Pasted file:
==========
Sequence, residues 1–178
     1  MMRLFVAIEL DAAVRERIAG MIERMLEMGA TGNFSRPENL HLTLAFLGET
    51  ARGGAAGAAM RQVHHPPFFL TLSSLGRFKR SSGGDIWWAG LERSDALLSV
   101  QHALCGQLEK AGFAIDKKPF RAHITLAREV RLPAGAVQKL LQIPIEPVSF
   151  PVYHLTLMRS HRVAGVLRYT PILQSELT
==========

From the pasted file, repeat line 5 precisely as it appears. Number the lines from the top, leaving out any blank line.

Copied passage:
   151  PVYHLTLMRS HRVAGVLRYT PILQSELT